|241||Weber, Patricia C. et al., "Applications of Calorimetric Methods To Drug Discovery And The Study of Protein Interactions," Current Opinion in Structural Biology, vol. 13, pp. 115-121, 2003.|
|242||Webster's II Dictionary, p. 421, 1984.|
|243||Weselak, Mark et al., "Robotics For Automated Crystal Formation And Analysis," Methods in Enzymology, pp. 1-13, 2002.|
|244||Whelen, A. Christian et al., "The Role Of Nucleic Acid Amplification And Detection In The Clinical Microbiology Laboratory," Annu. Rev. Microbiol., vol. 50, pp. 349-373, 1996.|
|245||Whitesides, George M. et al., "Flexible Methods For Microfluidics," Physics Today, pp. 42-48, Jun. 2001.|
|246||Whitesides, George M. et al., "Soft Lithography In Biology And Biochemistry," Annu. Rev. Biomed. Eng., vol. 3, pp. 335-373, 2001.|
|247||Wiencek, J. M., "New Strategies For Protein Crystal Growth," Annu. Rev. Biomed. Eng., vol. 1, pp. 505-534, 1999.|
|248||Wilbur, James L. et al., "Lithographic Molding: A Convenient Route To Structures With Sub-Micrometer Dimensions," Adv. Mater., vol. 7, No. 7, pp. 649-652, 1995.|
|249||Wooley et al., "Functional Integration Of PCR Amplification And Capillary Electrophoresis In A Microfabricated DNA Analysis Device," Anal. Chem., vol. 68, pp. 4081-4086, 1996.|
|250||Wu, Hongkai et al., "Fabrication Of Complex Three-Dimensional Microchannel Systems In PDMS," J. Am. Chem. Soc., vol. 125, No. 2, pp. 554-559, 2003.|
|251||Wu, Shuyun et al., "MEMS Flow Sensors For Nano-Fluidic Applications," Sensors and Actuators A, vol. 89, PP. 152-158, 2001.|
|252||Xia, Younan et al., "Complex Optical Surfaces Formed By Replica Molding Against Elastomeric Masters," Science, vol. 273, pp.347-349, Jul. 19, 1996.|
|253||Xia, Younan et al., "Micromolding Of Polymers In Capillaries: Applications In Microfabrication," Chem. Mater., vol. 8, No. 7, pp. 1559-1566, 1996.|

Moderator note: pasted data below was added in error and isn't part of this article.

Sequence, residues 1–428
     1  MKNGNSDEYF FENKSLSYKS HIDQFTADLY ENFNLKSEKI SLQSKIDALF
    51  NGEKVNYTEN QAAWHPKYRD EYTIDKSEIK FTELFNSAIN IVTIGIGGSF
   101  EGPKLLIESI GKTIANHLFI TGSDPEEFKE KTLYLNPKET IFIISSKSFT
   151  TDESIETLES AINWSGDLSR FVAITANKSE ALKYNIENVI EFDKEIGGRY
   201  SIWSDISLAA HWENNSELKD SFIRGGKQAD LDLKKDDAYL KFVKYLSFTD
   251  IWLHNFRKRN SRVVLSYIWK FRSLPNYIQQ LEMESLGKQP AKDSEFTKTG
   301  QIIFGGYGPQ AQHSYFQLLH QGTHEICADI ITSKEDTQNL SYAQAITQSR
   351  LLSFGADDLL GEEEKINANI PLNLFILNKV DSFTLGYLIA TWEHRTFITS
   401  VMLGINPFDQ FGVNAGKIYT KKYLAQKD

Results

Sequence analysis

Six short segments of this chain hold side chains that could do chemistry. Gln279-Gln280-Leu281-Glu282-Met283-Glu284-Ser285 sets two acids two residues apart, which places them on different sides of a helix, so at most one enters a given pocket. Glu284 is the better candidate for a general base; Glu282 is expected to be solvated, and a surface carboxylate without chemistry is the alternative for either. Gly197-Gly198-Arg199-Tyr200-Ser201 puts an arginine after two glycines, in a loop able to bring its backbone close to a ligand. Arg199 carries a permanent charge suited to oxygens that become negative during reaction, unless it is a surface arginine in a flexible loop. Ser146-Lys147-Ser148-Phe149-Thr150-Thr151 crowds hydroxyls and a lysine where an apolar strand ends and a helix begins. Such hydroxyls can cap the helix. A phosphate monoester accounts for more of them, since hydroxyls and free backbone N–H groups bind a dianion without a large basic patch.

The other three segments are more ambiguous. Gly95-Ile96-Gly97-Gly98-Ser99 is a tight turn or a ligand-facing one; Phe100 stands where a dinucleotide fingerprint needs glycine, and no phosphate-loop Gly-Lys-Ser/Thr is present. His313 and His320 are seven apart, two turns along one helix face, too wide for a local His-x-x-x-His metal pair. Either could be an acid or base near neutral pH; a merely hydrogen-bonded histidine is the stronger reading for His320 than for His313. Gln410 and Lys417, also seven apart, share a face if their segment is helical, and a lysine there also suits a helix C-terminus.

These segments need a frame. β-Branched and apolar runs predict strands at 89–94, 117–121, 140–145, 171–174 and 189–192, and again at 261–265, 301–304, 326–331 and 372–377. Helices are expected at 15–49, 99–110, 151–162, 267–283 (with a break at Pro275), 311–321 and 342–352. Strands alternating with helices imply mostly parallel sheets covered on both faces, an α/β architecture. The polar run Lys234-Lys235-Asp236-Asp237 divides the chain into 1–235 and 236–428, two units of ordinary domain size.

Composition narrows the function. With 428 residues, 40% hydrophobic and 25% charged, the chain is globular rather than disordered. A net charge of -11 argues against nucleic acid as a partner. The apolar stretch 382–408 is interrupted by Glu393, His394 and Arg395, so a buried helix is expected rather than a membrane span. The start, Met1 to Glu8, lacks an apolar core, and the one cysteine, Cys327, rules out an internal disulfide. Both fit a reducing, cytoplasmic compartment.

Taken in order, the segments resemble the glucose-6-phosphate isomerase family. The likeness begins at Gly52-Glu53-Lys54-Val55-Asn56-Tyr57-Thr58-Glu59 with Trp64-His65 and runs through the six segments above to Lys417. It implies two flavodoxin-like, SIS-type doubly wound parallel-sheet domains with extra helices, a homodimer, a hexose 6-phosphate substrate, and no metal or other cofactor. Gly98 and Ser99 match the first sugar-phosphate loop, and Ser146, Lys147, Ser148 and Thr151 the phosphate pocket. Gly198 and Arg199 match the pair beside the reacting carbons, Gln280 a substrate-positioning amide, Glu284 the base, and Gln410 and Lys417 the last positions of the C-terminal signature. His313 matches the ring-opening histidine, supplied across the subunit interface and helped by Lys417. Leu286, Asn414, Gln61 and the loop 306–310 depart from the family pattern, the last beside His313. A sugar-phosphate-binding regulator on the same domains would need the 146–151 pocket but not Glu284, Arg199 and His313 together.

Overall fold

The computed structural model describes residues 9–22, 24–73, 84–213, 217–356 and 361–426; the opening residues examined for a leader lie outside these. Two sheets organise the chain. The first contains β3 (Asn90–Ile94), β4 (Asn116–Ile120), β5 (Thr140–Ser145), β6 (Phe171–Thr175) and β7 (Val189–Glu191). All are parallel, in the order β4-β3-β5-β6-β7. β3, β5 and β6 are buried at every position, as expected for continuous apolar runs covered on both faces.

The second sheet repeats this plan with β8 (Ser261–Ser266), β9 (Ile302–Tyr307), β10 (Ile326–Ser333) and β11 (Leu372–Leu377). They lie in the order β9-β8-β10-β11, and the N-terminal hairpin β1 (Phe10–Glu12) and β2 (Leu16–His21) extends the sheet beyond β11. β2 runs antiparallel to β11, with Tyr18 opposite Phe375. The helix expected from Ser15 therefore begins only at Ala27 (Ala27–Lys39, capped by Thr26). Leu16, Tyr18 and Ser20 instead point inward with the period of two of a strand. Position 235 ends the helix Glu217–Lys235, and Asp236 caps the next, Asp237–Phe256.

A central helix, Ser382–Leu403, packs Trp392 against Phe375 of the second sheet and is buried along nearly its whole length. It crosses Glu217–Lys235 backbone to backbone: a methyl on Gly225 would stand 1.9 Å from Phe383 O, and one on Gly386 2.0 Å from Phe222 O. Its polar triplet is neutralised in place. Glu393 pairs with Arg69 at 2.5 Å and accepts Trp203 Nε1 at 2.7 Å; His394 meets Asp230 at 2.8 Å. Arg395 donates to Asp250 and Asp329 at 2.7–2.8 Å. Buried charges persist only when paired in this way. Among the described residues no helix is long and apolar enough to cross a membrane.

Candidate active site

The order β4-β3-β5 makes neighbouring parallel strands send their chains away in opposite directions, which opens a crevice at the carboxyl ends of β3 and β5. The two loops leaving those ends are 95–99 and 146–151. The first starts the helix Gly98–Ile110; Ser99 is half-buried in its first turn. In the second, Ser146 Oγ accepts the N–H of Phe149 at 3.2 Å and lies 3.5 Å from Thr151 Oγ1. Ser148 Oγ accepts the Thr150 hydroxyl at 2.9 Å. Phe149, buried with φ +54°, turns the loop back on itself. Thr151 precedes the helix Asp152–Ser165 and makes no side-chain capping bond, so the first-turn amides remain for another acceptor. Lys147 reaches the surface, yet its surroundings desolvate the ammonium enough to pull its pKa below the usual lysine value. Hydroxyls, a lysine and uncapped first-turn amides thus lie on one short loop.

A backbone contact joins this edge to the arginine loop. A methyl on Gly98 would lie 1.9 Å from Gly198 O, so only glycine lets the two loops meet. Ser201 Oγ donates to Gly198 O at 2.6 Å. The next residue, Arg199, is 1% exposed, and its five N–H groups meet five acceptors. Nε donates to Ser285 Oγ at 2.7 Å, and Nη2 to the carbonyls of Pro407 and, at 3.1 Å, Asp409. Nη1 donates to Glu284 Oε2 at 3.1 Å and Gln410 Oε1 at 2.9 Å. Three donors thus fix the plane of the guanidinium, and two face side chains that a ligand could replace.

|254||Xia, Younan et al., "Reduction In The Size Of Features Of Patterned SAMs Generated By Microcontact Printing With Mechanical Compression Of The Stamp," Adv. Mater., vol. 7, No. 5, pp. 471-473, 1995.|
|255||Xia, Younan et al., "Soft Lithography," Angew. Chem. Int. Ed., vol. 37, pp. 551-575, 1998.|
|256||Xu, Bing et al., "Making Negative Poisson's Ratio Microstructures By Soft Lithography," Adv. Mater., vol. 11, No. 14, pp. 1186-1189, 1999.|
|257||Xu, Xiang et al., "Detection Of Programmed Cell Death Using Fluorescence Energy Transfer," Nucleic Acids Research, vol. 26, No. 8, pp. 2034-2035, 1998.|
|258||Yang, Xing et al., "A Low Power MEMS Silicone/Parylene Valve," Solid-State Sensor and Actuator Workshop, Hilton Head Island, South Carolina, 4 pages, Jun. 7-11, 1998.|
|259||Yang, Xing et al., "A MEMS Thermopneumatic Silicone Membrane Valve," IEEE 10th Annual International Workshop of Micro Electro Mechanical Systems, Nagoya, Japan, pp. cover, 114-118, Jan. 26-30, 1997.|
|260||Yazdik, Navid et al., "Micromachined Inertial Sensors," Proceedings of IEEE, vol. 86, No. 8, pp. 1640-1659, Aug. 1998.|
|261||Yeh, Joanne I., "A Manual Nanoscale Method For Protein Crystallization," Acta Crystallographica, vol. D59, pp. 1408-1413, 2003.|
|262||Young, A. M. et al., "Contoured Elastic-Membrane Microvalves For Microfluidic Network Integration," Journal of Biomechanical Engineering, vol. 121, pp. 2-6, Feb. 1999.|
|263||Zaccolo, Manuela et al., "A Genetically Encoded, Fluorescent Indicator For Cyclic AMP In Living Cells," Nature Cell Biology, vol. 2, pp. 25-29, Jan. 2000|
|264||Zdeblick, Mark J. et al., "A Microminiature Electric-To-Fluidic Valve," Transducers '87, Proceedings of the 4th International Conference on Solid-State Sensors and Actuators, reprinted in Micromechanics and MEMS Classic and Seminal Papers to 1990, pp. 2 cover pages, 437-439, Jun. 1987.|
|265||Zengerle, R. et al., "A Micro Membrane Pump With Electrostatic Actuation," Micro Electro Mechanical Systems '92, Travemünde, Germany, pp. 19-24, Feb. 4-7, 1992.|
|266||Zengerle, R. et al., "Performance Simulation Of Microminiaturized Membrane Pumps," 7th International Conference on Solid-State Sensors and Actuators, Yokohama, Japan, pp. 2 cover pages, 106-109, Jun. 7-10, 1993.|
|267||Zhao, Zhan, et al., "An Integrated Biochip Design And Fabrication," Proceedings of SPIE, vol. 4936, pp. 321-326, 2002.|